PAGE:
This morning I found a couple of hilarious mistakes in our town's local reporting website. There are often some real doozies but this morning's spelling and grammatical errors were kind of cute.
In one article, about a donation to upgrade a seniors' care facility, I read that these seniors will now be able to "live safer and more comfortable." It seems that adverbs are on the way out in our online media reports. The words "safely" and "comfortably" were the correct words to use, but the more I read online articles the more I see a new ignorance of adverbs. If we want to look like complete hicks on the world reporting front, let's keep that up.
The other article that made me laugh out loud, (Would that be more correctly [correct??] LOL since this is an online blog??], was about a group of provincial women riding snowmobiles across our province to raise funds for the cause of cancer research. According to this little article they are going to raise the funds by "snowmoiling". Talk about an hilarious gaffe in the spelling department. "Hey Harriet, wanna go snowmoiling with me today? It's for a good cause."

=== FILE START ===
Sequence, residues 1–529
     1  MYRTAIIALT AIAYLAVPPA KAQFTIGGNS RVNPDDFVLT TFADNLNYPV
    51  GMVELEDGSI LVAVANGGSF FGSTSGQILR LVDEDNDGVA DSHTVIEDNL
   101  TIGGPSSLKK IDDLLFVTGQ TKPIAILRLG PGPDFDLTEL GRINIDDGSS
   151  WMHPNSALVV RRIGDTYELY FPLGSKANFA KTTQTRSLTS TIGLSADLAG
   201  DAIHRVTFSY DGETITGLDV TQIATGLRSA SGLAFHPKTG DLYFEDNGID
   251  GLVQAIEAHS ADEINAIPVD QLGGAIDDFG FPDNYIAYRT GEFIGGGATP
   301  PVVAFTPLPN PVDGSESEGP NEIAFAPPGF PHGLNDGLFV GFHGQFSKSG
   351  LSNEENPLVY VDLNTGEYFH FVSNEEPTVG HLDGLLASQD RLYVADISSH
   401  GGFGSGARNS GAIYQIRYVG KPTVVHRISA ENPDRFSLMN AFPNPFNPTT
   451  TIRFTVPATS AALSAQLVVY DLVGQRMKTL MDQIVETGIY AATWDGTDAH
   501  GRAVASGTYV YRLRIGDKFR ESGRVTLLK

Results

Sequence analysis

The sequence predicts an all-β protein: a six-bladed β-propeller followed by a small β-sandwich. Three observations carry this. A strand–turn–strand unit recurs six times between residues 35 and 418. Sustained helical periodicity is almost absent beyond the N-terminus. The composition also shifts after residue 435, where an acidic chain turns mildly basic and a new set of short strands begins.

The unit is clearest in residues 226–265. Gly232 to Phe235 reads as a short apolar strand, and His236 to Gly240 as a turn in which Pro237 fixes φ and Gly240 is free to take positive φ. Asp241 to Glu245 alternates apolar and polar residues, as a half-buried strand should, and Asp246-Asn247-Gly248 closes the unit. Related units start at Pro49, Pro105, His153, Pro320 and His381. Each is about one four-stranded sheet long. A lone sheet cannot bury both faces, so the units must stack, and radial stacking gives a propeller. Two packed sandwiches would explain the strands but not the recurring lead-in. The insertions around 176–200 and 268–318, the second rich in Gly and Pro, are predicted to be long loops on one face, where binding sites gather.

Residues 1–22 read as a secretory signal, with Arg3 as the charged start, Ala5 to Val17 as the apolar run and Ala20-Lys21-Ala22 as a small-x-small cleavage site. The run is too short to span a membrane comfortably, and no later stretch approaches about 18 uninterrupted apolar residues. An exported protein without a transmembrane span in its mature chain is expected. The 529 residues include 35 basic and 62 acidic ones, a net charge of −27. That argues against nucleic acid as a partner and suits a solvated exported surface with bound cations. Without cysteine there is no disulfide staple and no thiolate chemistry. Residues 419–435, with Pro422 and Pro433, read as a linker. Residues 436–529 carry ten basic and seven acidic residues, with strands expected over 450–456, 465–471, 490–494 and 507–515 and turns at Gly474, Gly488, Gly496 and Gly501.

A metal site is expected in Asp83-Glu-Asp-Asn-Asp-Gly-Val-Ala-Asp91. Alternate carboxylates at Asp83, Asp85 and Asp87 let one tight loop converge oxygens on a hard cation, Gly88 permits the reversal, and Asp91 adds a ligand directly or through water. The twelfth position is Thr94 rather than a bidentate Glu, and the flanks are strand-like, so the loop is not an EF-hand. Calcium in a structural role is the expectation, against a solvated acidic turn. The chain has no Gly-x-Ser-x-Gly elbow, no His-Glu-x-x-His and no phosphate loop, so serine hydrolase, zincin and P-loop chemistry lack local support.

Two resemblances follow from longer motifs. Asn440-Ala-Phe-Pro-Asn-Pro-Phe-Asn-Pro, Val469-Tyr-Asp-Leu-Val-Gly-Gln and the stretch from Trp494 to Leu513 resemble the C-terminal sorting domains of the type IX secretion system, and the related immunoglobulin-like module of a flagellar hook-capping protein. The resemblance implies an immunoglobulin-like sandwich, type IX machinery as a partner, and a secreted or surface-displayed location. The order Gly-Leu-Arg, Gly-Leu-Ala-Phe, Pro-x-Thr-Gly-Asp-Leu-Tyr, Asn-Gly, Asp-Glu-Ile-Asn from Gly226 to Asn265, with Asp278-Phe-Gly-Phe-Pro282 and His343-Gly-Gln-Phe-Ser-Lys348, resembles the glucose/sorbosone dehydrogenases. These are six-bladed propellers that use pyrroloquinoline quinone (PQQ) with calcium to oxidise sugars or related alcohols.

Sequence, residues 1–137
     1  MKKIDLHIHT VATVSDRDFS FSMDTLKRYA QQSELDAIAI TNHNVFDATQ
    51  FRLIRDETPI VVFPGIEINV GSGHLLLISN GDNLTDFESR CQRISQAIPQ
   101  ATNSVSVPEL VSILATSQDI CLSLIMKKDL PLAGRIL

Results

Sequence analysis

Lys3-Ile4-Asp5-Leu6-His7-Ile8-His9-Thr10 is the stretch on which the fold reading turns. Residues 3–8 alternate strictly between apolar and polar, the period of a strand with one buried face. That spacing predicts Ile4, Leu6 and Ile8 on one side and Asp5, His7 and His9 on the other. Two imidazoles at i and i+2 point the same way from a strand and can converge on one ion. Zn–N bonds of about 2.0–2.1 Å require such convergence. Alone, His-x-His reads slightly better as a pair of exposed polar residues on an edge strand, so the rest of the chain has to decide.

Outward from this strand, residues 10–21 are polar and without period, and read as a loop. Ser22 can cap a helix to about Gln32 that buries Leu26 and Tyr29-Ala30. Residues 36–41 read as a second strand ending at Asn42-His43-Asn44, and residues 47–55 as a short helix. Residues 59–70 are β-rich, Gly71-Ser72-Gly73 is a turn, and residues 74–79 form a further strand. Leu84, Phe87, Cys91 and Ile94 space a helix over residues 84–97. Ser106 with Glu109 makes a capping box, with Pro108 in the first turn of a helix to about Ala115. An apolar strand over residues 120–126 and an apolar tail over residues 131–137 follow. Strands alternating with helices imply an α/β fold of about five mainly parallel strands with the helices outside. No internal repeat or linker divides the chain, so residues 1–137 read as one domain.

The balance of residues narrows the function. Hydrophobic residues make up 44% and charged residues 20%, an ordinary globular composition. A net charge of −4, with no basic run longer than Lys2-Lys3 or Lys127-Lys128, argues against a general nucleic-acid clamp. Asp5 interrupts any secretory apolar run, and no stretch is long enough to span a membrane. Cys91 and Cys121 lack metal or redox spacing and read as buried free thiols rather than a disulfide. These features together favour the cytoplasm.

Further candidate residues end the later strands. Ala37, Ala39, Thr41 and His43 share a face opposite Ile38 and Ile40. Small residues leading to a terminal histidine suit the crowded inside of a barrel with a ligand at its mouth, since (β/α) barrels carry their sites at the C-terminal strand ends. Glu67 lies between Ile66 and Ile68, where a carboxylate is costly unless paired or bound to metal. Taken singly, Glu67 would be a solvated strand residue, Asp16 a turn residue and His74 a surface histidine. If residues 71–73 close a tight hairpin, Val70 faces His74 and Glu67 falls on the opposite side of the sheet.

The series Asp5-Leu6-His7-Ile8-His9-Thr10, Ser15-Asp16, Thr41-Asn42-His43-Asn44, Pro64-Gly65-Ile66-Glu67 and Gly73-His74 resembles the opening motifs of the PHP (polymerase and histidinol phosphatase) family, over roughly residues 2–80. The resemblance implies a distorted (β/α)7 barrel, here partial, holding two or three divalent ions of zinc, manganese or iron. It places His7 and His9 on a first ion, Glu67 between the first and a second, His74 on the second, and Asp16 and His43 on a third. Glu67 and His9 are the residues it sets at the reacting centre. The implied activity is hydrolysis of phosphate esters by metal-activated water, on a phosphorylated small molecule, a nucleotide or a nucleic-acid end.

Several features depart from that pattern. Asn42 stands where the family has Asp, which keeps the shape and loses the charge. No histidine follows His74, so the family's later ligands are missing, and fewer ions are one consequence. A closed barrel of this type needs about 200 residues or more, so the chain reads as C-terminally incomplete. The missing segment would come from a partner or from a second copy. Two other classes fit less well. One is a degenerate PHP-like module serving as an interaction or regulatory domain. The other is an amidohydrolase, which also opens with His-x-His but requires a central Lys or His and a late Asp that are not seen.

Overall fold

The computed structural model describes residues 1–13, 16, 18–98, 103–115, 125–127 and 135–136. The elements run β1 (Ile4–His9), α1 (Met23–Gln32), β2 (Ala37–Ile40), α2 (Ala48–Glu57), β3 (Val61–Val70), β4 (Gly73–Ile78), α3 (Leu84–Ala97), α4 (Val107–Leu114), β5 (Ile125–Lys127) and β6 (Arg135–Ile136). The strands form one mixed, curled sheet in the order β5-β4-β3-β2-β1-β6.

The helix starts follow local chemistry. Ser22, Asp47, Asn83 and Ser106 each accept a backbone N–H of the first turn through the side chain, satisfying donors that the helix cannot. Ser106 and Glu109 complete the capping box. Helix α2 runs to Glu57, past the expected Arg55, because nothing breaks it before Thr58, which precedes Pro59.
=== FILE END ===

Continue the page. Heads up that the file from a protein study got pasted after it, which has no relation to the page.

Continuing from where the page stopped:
We all make mistakes when we write that are not picked up before publication. I have certainly made my share with this blog despite my best attempts at proof reading and will most likely continue to do so. It happens sometimes despite our best intentions, but I do try to proof read even these little blog entries as best I can and correct errors as I spot them.
I remember once asking a CTV online writer about a truly horrendous mistake in the copy of an online report. I was told rather snippily that the idea of online reporting is to get something written up and published as quickly as possible and as a result such mistakes are "going to happen". The particular mistake I was asking about had resulted in a deluge of responses from readers who had completely misunderstood what the article was saying, just because of that one spelling error. The amount of time spent posting a brief article of correction, then a second article refuting the error in the first article, could have been avoided simply by taking 30 seconds to proofread the very first article before it was published.
Our rush to give and receive information has reached a point where we are more in danger of misinformation than truth when we write and read news items.
That being said, this morning's errors started my day off with a great dose of good humour. I needed that today.